CONCLUSION: Beyond Solar

Solar Systems Maintenance | The Good Solar Guide Contents

You’ve followed the seven steps. You’ve done your homework and if you decided that a solar power system is a good investment, you’ve engaged a good installer and filled your roof with solar panels. You’ve shifted your loads and found a solar-friendly electricity retailer, and your bills are nice and low. You know your system will alert you if there’s a problem. You’re starting to look forward to electricity bills rather than dreading them.

That’s a great place to be – so what’s next?


If you have solar panels, your bills should have dropped significantly. If you have an efficient home, you really should be looking at close to zero dollars in summer and $100 to $200 per quarter in winter. If you’re paying much more than that, you’re using more energy than you have to during non-daylight hours. The trick to even smaller bills for you is energy efficiency, especially in the thermal performance of your home – how you heat and cool it.

I could write a whole book on efficiency. Luckily, I don’t have to, because there’s a brilliant one already available. If you think your home could be more efficient and you want to shave the last few hundred dollars off your bill, buy this book: The Energy Freedom Home, by Beyond Zero Emissions.


Batteries are going to be huge. Storing electricity is the secret to making intermittent renewables (like solar energy) our main source of energy. As explained in Step 4, batteries aren’t yet a good economic investment for the typical Australian and they’ll increase the carbon footprint of most homes16.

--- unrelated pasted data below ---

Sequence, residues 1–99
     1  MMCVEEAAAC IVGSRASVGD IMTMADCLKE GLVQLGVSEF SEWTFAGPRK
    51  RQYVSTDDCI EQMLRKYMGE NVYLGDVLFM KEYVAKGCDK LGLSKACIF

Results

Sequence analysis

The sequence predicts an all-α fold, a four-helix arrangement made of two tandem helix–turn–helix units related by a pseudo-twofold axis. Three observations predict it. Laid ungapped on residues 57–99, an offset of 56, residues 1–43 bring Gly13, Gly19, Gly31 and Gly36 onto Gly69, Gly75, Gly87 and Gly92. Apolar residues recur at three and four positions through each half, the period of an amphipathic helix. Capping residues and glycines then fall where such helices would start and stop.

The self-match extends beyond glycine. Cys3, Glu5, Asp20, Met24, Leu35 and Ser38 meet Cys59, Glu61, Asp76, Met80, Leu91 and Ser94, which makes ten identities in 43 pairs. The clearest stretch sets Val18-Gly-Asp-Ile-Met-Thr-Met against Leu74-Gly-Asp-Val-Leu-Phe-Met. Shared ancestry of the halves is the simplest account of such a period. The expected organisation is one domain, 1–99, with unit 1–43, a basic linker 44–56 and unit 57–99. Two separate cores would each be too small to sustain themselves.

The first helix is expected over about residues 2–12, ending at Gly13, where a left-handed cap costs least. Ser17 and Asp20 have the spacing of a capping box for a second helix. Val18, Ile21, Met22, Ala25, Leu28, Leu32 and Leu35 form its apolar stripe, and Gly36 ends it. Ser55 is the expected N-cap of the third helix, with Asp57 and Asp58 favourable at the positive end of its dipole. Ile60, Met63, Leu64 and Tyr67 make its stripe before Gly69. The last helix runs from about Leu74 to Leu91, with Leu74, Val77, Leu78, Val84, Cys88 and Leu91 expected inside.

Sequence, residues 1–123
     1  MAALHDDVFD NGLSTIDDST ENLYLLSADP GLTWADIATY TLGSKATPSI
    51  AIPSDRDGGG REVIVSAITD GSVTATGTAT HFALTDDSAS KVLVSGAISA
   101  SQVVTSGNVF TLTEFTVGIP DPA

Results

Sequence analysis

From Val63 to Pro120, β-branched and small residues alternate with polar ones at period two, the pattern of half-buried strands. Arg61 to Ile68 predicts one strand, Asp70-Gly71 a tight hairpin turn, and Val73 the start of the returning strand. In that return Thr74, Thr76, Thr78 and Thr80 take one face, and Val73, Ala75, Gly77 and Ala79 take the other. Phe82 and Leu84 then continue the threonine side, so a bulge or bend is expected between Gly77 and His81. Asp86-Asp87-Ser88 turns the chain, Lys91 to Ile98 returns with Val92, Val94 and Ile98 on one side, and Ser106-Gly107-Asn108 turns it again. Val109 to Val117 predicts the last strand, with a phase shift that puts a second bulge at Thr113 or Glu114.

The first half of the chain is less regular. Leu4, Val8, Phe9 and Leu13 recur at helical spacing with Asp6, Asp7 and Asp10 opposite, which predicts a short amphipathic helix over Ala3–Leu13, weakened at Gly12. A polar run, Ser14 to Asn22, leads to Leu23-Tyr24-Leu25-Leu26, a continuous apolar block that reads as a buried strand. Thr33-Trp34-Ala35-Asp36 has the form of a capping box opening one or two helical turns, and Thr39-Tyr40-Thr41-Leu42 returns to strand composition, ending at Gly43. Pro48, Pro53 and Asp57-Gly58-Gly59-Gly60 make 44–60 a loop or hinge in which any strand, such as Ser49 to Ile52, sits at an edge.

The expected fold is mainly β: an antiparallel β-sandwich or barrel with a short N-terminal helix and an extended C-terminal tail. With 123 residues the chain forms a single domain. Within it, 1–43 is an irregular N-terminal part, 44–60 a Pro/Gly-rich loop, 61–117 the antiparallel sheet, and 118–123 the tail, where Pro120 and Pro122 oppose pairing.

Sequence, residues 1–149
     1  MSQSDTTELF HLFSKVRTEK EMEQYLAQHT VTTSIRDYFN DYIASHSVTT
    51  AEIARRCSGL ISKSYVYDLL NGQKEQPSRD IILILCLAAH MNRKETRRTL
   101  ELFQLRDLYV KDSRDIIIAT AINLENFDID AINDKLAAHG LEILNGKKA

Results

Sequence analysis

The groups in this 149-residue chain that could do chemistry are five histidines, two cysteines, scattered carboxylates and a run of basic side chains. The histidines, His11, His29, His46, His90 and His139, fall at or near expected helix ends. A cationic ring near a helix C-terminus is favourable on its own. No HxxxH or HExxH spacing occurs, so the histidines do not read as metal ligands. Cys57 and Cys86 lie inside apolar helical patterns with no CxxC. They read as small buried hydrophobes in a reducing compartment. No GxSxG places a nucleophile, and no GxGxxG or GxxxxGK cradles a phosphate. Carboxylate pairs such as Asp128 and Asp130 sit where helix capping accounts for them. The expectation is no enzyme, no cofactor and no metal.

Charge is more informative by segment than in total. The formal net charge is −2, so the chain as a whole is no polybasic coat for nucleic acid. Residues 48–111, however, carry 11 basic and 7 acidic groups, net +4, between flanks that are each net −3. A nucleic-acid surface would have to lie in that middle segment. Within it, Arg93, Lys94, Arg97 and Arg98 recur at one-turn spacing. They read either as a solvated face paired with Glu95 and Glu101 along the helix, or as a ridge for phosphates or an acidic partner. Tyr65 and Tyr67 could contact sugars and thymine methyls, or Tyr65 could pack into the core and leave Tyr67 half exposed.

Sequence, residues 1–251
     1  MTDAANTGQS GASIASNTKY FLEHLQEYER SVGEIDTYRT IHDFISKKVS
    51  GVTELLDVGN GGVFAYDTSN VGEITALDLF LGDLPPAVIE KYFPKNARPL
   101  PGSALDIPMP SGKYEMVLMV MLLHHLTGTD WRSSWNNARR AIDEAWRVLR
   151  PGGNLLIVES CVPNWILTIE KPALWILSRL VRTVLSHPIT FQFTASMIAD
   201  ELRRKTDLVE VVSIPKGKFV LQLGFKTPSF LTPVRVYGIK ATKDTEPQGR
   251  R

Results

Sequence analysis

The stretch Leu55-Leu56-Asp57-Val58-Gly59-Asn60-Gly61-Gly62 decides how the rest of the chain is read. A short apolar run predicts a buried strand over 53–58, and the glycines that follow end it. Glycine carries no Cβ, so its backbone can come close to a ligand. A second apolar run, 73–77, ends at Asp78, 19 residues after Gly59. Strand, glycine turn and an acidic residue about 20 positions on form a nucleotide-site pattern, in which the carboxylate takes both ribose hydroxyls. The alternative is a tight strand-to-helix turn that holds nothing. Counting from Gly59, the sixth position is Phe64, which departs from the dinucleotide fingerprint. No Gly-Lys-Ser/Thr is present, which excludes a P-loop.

This will change in the future when battery prices drop and we can’t connect any more renewables to the grid without adding batteries.

When batteries make sense economically or environmentally, I’ll let you know. You can subscribe to updates on my blog here:

If you want a battery despite the marginal economics, good on you. You’ll be helping the burgeoning home-battery industry and you’ll enjoy the peace of mind of blackout protection. Just re-read the advice in Step 5 before you get your quotes.


Once you’ve got rid of most of your electricity bill, you should think about your fuel bills.

At the time of writing, I believe we’re on the cusp of a revolution with electric cars. If your car has another three or four years left in it, consider hanging on to it a little longer. By then, I’m predicting that electric cars will be a no-brainer for anyone with a big solar system. Beware of buying an expensive new oil burner that no one wants to buy in a few years because everyone wants electric.

What not to do

In energy, the future is approaching at breakneck speed. You have a choice.

Choice 1: Do nothing

The fact that you’ve got to the end of this book tells me that you’re not a ‘do nothing’ type of person. You have all the knowledge you need to decide if solar power is a good investment for you. The worst case is that you’ve discovered your roof isn’t solar-friendly because there’s too much shade or it’s a really weird shape.

In that case, I strongly recommend working through the Energy Freedom Home book I linked to earlier in this chapter to make your home as efficient as possible. Keep your ear to the ground for ‘community solar farms’, where you can buy solar panels elsewhere and use their output to credit your bill. They’re coming soon.

If you’re moving to a new house before the solar will pay for itself, I urge you to make a solar-friendly roof a priority when looking for a new home.

Choice 2: Act now